SEOUL -- Union workers at South Korea's GM Daewoo Automotive & Technology Co. voted Tuesday to accept a pay rise of 11 percent and other benefits, a company spokesman said.
South Korea traditionally faces a seasonal rise in union action every summer, and foreign investors frequently cite labor unrest as a key deterrent to investing in the country.
"Of more than 7,800 union members who cast ballots, 68.5 percent supported the proposal agreed between union leaders and the management," said a company spokesman.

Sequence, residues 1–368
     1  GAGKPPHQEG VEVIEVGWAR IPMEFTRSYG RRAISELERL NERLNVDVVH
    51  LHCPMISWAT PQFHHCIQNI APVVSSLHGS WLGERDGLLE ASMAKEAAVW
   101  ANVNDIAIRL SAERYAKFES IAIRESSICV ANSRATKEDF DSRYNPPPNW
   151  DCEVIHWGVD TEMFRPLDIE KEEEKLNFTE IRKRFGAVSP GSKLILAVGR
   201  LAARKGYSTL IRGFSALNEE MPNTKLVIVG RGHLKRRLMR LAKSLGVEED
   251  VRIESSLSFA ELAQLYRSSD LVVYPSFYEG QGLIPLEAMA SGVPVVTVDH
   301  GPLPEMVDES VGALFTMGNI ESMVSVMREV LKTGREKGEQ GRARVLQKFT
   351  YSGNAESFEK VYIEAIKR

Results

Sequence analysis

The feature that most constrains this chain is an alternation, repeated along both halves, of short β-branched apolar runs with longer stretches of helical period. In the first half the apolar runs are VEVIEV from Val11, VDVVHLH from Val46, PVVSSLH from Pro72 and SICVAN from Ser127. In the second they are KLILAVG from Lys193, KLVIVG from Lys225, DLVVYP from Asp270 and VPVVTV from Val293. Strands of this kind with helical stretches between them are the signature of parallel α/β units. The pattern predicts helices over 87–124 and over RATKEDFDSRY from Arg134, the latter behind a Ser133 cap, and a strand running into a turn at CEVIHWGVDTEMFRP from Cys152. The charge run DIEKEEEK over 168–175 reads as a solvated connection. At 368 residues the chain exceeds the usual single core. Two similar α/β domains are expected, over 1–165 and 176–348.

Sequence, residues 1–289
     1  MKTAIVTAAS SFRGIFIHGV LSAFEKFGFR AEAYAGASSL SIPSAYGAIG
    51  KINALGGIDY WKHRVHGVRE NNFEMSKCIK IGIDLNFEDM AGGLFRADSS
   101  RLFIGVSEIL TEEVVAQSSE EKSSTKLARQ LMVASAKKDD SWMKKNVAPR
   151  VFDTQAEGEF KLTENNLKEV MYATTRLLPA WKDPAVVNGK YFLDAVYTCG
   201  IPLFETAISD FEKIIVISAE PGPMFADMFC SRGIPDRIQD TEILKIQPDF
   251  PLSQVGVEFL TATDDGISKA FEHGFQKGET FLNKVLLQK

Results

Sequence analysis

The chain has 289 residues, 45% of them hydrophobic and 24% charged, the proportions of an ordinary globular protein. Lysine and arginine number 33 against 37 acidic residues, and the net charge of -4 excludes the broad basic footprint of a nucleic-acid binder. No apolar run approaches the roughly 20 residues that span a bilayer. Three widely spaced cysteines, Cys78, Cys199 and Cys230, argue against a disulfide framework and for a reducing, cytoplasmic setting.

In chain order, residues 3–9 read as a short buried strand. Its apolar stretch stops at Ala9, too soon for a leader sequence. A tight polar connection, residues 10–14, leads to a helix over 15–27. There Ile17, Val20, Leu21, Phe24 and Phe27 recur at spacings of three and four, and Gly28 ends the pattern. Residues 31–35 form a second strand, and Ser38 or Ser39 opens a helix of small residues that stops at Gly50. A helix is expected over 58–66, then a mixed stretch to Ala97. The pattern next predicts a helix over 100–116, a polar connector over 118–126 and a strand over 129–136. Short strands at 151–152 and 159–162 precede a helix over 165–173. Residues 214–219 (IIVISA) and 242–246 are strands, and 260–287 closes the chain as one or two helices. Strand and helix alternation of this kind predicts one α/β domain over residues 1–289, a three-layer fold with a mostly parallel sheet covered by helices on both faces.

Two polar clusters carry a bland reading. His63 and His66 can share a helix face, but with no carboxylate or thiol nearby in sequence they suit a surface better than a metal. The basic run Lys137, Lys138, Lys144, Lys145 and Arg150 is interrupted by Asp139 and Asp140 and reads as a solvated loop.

The agreement included an 11 percent rise in base salary, quarterly payments of $130.1 for children's education expenses and other incentives.
Union workers have been on full or partial strike since July 9 demanding a pay rise of 17 percent. The labor unrest at GM Daewoo, which is capable of producing 470,000 vehicles a year, had cost the carmaker 3,500 vehicles in lost production, the spokesman said.
GM Daewoo's 8,200-member union includes workers at the Pupyong plant, the former Daewoo Motor's oldest and biggest plant that was left out of a deal between General Motors and creditors.
GM and its partners took a majority stake in some of the assets of Daewoo Motor in 2002, creating unlisted GM Daewoo.